The Oldest Extant Hebrew Bible Goes on the Auction Block

In the second half of the first millennium, Jewish scribes began composing codices—handwritten books as opposed to more traditional scrolls—of the Hebrew Bible, complete with vowel and cantillation markings and marginal notations meant to preserve the text precisely. One such codex, which belonged to a synagogue in northeastern Syria until the 13th or 14th century, was acquired by the Bombay-born Anglo-Jewish collector David Solomon Sassoon in 1929. It is now slotted to go up for auction at Sotheby’s. Jennifer Schuessler tells its story:

Sharon Liberman Mintz, the auction house’s senior Judaica consultant . . . pointed out the two versions of the Ten Commandments, a beautifully calligraphic rendering of the Song of Deborah and, more prosaically, places where small tears had been stitched together with thread or sinew.

The Codex Sassoon, as it’s known, is being billed by Sotheby’s as the earliest example of a nearly complete codex containing all 24 books of the Hebrew Bible. (It is missing about five leaves, including the first ten chapters of Genesis.) . . . The book, which measures about twelve by fourteen inches and weighs 26 pounds, is housed in an unprepossessing early 20th-century brown leather binding.

Today, two other complete or substantially complete Hebrew Bibles from this period are known to survive. The Aleppo Codex, held in the Israel Museum, was created around 930. It’s missing almost two-fifths of its pages, including most of the Pentateuch. The Leningrad Codex, held in the National Library of Russia in St. Petersburg, is fully complete, but dates from around 1008.

When Sassoon bought his codex in 1929, he dated it to the 10th century. It was believed to be more recent than the Aleppo Codex but, with only about five leaves missing, substantially more complete. Beginning in the 1960s, . . . scholars began to believe that the Sassoon Codex was created a bit earlier, around the time of the Aleppo Codex, or perhaps earlier. A recent carbon-dating by the seller—reviewed and endorsed by Sotheby’s—affirmed that, giving the Sassoon plausible bragging rights as the oldest nearly complete Hebrew Bible.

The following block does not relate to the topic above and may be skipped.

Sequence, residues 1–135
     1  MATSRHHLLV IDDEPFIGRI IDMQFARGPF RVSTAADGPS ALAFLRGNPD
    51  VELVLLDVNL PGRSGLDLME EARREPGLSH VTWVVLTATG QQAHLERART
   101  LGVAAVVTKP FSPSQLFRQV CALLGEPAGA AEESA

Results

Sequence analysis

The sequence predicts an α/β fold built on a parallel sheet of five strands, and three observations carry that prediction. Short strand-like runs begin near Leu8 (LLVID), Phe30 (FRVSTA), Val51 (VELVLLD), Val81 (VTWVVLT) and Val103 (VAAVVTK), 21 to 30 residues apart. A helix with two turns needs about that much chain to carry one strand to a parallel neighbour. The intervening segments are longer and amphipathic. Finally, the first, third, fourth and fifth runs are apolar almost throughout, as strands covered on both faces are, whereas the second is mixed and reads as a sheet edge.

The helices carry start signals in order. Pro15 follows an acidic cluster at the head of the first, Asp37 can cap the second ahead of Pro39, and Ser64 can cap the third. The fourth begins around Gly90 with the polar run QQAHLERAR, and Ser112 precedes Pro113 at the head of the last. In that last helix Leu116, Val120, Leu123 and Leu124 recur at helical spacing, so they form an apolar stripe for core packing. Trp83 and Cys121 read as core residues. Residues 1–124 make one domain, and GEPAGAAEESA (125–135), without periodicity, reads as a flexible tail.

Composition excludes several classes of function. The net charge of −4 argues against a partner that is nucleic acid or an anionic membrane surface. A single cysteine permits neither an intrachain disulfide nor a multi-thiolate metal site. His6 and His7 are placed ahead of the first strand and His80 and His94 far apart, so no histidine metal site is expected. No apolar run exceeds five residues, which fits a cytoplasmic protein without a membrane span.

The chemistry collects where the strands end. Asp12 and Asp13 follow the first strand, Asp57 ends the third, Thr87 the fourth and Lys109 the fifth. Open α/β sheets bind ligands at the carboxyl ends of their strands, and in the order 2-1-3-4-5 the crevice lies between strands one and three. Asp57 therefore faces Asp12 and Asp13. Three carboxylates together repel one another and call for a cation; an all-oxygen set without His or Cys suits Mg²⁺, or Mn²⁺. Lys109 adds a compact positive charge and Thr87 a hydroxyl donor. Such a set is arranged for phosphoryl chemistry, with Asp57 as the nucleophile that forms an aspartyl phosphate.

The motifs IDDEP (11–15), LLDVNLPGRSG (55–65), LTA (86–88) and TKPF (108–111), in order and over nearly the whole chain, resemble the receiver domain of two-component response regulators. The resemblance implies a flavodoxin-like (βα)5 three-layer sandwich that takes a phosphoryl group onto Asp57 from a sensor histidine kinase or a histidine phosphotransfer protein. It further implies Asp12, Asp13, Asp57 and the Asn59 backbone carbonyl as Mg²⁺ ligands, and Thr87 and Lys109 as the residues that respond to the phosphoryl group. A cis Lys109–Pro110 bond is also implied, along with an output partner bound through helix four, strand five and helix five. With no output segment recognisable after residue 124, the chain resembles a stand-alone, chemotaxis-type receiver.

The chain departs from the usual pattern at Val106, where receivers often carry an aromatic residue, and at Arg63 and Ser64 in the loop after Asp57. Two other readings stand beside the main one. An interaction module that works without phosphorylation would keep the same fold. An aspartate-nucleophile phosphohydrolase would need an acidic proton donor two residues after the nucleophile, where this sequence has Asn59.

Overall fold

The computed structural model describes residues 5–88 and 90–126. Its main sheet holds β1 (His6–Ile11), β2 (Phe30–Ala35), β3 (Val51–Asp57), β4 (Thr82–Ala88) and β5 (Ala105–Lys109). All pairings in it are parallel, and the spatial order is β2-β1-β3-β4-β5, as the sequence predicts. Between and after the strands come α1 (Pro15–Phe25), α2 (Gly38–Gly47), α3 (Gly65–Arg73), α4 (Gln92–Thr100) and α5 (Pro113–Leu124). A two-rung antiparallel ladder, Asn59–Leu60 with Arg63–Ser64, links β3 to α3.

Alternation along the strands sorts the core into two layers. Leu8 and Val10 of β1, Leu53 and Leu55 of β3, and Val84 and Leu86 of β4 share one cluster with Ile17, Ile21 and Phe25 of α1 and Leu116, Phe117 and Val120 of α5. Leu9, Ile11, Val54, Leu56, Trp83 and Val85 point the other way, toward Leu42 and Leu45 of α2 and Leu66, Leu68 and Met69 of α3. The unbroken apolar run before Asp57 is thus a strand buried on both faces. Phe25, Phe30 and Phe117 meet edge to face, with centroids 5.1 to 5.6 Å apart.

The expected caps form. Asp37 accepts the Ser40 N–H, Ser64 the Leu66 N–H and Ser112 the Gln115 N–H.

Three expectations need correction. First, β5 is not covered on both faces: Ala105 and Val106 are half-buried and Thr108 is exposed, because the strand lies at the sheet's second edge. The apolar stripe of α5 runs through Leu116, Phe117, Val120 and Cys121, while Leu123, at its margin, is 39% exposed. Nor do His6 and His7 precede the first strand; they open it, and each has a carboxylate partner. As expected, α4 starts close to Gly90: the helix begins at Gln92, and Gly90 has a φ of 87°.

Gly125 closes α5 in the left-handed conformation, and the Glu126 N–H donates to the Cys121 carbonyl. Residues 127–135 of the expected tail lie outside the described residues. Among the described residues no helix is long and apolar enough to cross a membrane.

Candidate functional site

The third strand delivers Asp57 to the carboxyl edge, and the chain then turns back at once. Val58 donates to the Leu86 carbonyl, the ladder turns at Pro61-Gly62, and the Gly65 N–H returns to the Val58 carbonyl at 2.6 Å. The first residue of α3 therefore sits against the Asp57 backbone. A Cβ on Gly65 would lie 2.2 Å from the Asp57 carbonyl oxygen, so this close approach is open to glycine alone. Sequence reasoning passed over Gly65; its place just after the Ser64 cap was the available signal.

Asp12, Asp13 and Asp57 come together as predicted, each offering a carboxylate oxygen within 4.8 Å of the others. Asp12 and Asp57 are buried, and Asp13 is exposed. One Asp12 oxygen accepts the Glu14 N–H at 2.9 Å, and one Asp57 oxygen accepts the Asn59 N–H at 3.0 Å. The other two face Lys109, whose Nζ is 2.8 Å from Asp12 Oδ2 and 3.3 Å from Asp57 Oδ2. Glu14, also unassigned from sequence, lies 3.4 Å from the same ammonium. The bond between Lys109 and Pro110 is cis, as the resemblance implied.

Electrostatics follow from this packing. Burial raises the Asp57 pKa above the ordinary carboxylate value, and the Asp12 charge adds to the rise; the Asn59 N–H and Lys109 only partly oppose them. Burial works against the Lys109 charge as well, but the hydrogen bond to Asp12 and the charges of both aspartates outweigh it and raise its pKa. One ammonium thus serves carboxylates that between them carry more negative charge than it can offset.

Read more at New York Times

More about: Aleppo codex, Hebrew Bible, Rare books


The Ugly Roots of Ireland’s Anti-Israel Policies

Prime Minister Varadkar’s meretricious messaging concerning the freeing of a kidnapped child is only one example of the Irish government’s perverse reaction to Hamas’s assault on Israel. Varadkar has accused the IDF of pursuing “something approaching revenge” in Gaza, and compared the Israeli war effort to Russia’s invasion of Ukraine. His parliament, meanwhile, came close to expelling the Israeli ambassador. Terry Glavin writes:

In a recent interview, . . . the retired Irish diplomat Niall Holohan put it this way: “We feel we have been victimized over the centuries. It’s part of our psyche—underneath it all we side with the underdog.” But there’s something else in the Irish psyche that’s impolite to mention in the comfy Dublin pubs and bistros. . . . Not a few of Ireland’s gallant and celebrated champions of the underdog, its heroes of Irish freedom, were vulgar anti-Semites and Nazi collaborators.

And in recent years, Irish Jews are commonly baited, harassed, and badgered every time there is some eruption in Israel involving Palestinian “resistance.”

The republican pamphleteer Arthur Griffith approved [of anti-Jewish agitation in Limerick in 1904], calling Jews “usurers and parasites.” Griffiths was one of the founders of Sinn Féin, in 1905, and he served as Sinn Féin’s president in 1911.

There was always a deep division in the Irish nationalist movement between Irish republicans who felt an affinity with the Jews owing to a shared history of dispossession and exile, and Catholic extremists who ranted and raved about Jews. Those Catholic shouters are still abroad, apparently unaware that for half a century, Catholic doctrine has established that anti-Semitism is a mortal sin.

Read more at National Post

More about: Anti-Semitism, Gaza War 2023, Ireland